Clinical trials: From bench to bedside to improve outcomes for cancer patients

Clinical trials are crucial to understanding how drugs and therapies work, how safe they are in humans, and how effective they are in treating cancer. They are vital for making advances that improve patient outcomes, and the prize for companies – regulatory approval to market a treatment – is huge. Hardly surprising, then, that the clinical trial phase accounts for around 44% of R&D spend on drug development[1], which in 2021 was estimated at USD 238 billion globally.

In oncology, clinical trials involve significant risk[2]. According to the Journal of the National Cancer Institute, only 38% of Phase 3 randomized controlled clinical trials in oncology achieved statistically significant results[3]. While the report attributed this result to “investigators consistently making overly-optimistic assumptions regarding treatment”[4], in reality the story is more complex, and starts long before a drug reaches patients.

The long and winding road to market

Clinical trials in oncology are more time-consuming than in other therapeutic areas. Trials planners need to take into account a complex set of factors including tumor heterogeneity (including disease staging), biomarkers, patient eligibility criteria, clinical endpoints that best mimic readouts for efficacy, as well as follow-up timelines. As a result, oncology clinical trials often rely on novel designs: basket trials, for example, test one drug in several tumor indications (this is the approach that invIOs has taken with its APN401 cell therapy candidate).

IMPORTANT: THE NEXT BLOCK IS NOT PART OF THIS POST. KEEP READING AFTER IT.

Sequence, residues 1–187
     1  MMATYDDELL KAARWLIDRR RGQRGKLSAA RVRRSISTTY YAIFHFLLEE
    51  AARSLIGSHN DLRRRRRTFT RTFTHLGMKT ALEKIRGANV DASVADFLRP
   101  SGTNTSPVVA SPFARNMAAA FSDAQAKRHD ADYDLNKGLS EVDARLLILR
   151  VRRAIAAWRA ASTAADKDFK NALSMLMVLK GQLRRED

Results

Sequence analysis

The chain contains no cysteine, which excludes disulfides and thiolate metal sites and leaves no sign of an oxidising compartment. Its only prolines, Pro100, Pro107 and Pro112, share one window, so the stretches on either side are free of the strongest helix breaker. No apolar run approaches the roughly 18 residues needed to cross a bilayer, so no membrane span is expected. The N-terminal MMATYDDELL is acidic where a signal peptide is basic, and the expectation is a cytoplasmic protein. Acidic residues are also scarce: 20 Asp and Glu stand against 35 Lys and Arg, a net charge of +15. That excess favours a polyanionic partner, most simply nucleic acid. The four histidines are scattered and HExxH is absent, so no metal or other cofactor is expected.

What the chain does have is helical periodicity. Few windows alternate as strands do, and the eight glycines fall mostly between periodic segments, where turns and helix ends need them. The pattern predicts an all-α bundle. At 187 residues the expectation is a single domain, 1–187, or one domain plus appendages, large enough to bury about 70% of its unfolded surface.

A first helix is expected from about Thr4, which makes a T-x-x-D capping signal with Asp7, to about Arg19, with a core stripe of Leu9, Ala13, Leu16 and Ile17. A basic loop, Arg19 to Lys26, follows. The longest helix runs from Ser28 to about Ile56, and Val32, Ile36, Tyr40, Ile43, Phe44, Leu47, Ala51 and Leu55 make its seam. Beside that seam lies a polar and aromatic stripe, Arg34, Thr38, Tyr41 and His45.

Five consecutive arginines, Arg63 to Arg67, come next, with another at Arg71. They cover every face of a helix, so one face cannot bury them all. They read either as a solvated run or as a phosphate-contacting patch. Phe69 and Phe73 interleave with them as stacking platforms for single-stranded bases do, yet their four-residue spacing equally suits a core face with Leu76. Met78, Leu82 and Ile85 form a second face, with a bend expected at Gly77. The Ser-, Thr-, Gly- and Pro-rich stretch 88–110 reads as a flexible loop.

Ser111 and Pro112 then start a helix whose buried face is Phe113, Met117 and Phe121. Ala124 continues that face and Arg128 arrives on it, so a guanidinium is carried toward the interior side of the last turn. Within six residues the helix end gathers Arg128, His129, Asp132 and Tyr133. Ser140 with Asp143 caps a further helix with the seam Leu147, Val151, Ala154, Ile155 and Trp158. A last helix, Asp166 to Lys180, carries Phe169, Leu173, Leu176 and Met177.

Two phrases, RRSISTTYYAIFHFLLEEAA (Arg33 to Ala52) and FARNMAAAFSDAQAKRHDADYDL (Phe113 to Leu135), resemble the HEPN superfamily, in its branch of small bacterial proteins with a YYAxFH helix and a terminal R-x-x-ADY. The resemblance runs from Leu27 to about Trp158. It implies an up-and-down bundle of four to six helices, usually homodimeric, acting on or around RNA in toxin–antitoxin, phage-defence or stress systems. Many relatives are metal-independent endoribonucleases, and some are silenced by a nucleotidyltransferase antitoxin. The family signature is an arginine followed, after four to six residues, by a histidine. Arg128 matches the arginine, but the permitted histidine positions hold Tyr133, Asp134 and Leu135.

For precision cancer treatments such as invIOs’s novel cell therapies, which are personalized to each patient, success involves working closely with multiple stakeholders. Trial protocols must be well designed; trial sponsors have to comply with the specifications of regulatory bodies, as well as common standards such as GCP, to ensure that the highest standards are maintained. Drug developers must develop robust processes and structure the trial design to ensure that the data gathered during the trial is consistent and clear. Finally, trial execution must be efficient and effective, with accurate data collection, monitoring and analysis.

The future of clinical oncology trials